Stuff I’ve learned, the “philosophical” edition

I decided to start knitting back in (*ahem*) 2004 after we got a cat.  I know that seems counterintuitive…typically yarn + cat = what are you thinking woman?  However, up to that point my main crafting hobby was cross-stitching and there were WAY too many pieces of embroidery floss and other scraps of things going on with that for it to be safe to do around a still-curious 9-month old kitten.  Knitting was far more self-contained and easy to keep track of.

So, what have I learned since then?

Well, #1 is that knitting with a cat around isn’t as hard as you might think, at least not for me. Mine is more interested in sitting next to me while I’m knitting than trying to get into the yarn (though she’ll poke at it sometimes). The bigger issue is that my mother is TERRIBLY allergic to my cat so anything I make for her has to be thoroughly cleaned before gifting (not that I make her things often see #4).

#2 – It is impossible for me to be stressed about anything in life while knitting. There is a fundamentally relaxing aspect to the repetitive nature of knitting – knit, knit, purl, purl, knit, knit, purl, purl – that makes it terribly difficult to focus on anything besides the task at hand. And although I might occasionally get frustrated with the object I am making, I wind up feeling as though all of the other stressors have melted away.

#3 – Practice makes better. Okay, this isn’t one I learned just from knitting, but the sentiment is just as valid. It easily took me a year to complete my first real knitting project. Before that I had made various squares of things – this was before I discovered Ravelry and the wonderful dishcloth patterns I could have been trying – but had never completed an actual “project.” I set my sights on making a bag from a pattern book I had fallen in love with. The pattern itself wasn’t hard at all…essentially a long rectangle in stockinette stitch. However, I wasn’t very good at making sure all of my rows had the correct amount of stitches at that point so it came out a little crooked. BUT, I had finally finished it and that’s what matters. Eventually I found ways to train myself to not lose count (think stitch markers every 10 or 20 stitches) and after a while I found I didn’t need those “tricks” anymore. Now, I can even finish a pair of mittens or a hat in less than a week.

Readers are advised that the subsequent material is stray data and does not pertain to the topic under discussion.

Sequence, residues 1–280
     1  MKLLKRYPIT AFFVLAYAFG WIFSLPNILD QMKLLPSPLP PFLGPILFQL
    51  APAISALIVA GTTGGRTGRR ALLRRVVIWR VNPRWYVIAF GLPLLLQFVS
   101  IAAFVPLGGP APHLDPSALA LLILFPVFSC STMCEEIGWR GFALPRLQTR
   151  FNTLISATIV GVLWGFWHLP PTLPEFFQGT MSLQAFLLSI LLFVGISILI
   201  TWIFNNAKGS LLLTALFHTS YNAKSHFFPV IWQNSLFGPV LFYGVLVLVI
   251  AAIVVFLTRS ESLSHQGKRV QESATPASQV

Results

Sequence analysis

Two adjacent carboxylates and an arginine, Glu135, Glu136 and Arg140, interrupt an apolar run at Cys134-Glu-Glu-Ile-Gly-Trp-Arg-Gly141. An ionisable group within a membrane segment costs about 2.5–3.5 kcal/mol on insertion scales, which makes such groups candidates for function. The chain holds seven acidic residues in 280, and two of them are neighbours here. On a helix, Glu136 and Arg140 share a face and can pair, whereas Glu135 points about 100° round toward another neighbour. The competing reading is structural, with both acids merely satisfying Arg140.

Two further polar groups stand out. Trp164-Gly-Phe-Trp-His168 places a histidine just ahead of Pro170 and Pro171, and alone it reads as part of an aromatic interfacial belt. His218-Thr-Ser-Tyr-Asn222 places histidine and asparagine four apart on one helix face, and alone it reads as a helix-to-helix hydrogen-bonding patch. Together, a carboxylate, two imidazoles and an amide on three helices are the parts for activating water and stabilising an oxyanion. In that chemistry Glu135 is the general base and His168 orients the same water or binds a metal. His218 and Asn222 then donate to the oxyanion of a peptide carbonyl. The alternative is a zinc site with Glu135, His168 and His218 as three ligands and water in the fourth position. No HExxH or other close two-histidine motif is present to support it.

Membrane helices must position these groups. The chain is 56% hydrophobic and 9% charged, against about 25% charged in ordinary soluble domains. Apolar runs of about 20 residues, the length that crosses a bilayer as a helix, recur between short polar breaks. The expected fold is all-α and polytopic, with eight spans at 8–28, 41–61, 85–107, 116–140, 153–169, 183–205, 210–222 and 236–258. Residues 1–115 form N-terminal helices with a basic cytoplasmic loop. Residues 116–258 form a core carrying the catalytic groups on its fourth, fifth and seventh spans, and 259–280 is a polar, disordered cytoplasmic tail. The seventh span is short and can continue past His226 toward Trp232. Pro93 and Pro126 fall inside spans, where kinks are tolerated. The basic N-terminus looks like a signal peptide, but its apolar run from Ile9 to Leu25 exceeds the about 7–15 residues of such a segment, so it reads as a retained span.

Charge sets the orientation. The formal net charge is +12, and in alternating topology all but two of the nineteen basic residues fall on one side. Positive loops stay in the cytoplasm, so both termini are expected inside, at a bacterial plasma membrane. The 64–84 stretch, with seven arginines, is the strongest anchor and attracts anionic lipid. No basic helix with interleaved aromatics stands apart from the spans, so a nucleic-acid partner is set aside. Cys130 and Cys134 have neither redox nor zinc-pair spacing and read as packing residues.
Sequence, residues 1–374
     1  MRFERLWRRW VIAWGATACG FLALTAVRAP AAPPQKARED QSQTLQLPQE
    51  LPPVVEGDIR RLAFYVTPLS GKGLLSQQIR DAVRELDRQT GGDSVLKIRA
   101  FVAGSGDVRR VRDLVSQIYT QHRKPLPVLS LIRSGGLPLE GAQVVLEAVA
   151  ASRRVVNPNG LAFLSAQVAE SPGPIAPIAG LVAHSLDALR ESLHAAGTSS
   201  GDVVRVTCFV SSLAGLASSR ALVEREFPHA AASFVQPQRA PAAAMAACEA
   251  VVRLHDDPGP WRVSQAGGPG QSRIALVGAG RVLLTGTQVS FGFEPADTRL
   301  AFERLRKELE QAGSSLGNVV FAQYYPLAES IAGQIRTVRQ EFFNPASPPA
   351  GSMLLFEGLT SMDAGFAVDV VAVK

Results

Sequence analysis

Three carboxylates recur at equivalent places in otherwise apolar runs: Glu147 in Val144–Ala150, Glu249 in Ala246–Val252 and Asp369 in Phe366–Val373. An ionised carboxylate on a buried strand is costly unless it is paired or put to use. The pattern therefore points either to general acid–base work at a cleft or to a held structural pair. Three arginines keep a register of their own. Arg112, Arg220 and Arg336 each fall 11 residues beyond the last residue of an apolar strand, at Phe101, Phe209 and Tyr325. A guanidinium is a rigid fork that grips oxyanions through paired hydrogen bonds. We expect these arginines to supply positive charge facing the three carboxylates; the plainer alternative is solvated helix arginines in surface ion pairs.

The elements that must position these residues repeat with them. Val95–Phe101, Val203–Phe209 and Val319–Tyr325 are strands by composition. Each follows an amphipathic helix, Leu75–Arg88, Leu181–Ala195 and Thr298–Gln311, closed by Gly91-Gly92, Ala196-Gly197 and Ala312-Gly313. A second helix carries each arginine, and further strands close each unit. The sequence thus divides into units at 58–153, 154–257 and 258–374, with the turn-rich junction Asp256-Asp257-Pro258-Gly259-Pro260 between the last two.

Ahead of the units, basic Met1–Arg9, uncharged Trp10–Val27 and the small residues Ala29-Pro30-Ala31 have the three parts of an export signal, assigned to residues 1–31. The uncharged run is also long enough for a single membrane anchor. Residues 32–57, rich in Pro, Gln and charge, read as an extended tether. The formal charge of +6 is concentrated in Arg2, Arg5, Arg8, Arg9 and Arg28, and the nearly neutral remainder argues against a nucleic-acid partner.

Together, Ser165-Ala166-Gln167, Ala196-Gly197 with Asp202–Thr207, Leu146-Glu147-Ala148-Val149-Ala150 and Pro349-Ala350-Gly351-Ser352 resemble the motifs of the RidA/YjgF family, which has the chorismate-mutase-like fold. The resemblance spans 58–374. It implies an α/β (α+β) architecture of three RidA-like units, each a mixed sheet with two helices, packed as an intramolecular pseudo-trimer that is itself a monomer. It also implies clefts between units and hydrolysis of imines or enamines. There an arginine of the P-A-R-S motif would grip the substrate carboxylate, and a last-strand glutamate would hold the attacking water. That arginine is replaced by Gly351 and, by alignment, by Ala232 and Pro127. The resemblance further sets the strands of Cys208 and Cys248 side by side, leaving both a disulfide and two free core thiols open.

#4 – No matter how much love and care you put into creating something, some people just will not appreciate the gift. This was a hard one for me for a long time. I was so proud of myself for learning a new skill and for being the only one in my family to be able to do it. (I come from a family of crafty people…sewing, cross-stitching, crocheting – but no knitters.) Over the last few years I’ve made things for many members of my family and almost everyone has really enjoyed and appreciated what I’ve made. Others…eh, not so much. My mom appreciates the thought & skill, but won’t use anything I’ve made – it’s always “too itchy” (wool or wool-esque) or “too hot” (a hat). My husband just doesn’t wear hats or scarves or gloves. So I do my best to make things for people who I know will appreciate the time and effort that goes into creating a hand-knitted item and for anyone else…ah well, they can have gift cards (just kidding…mostly).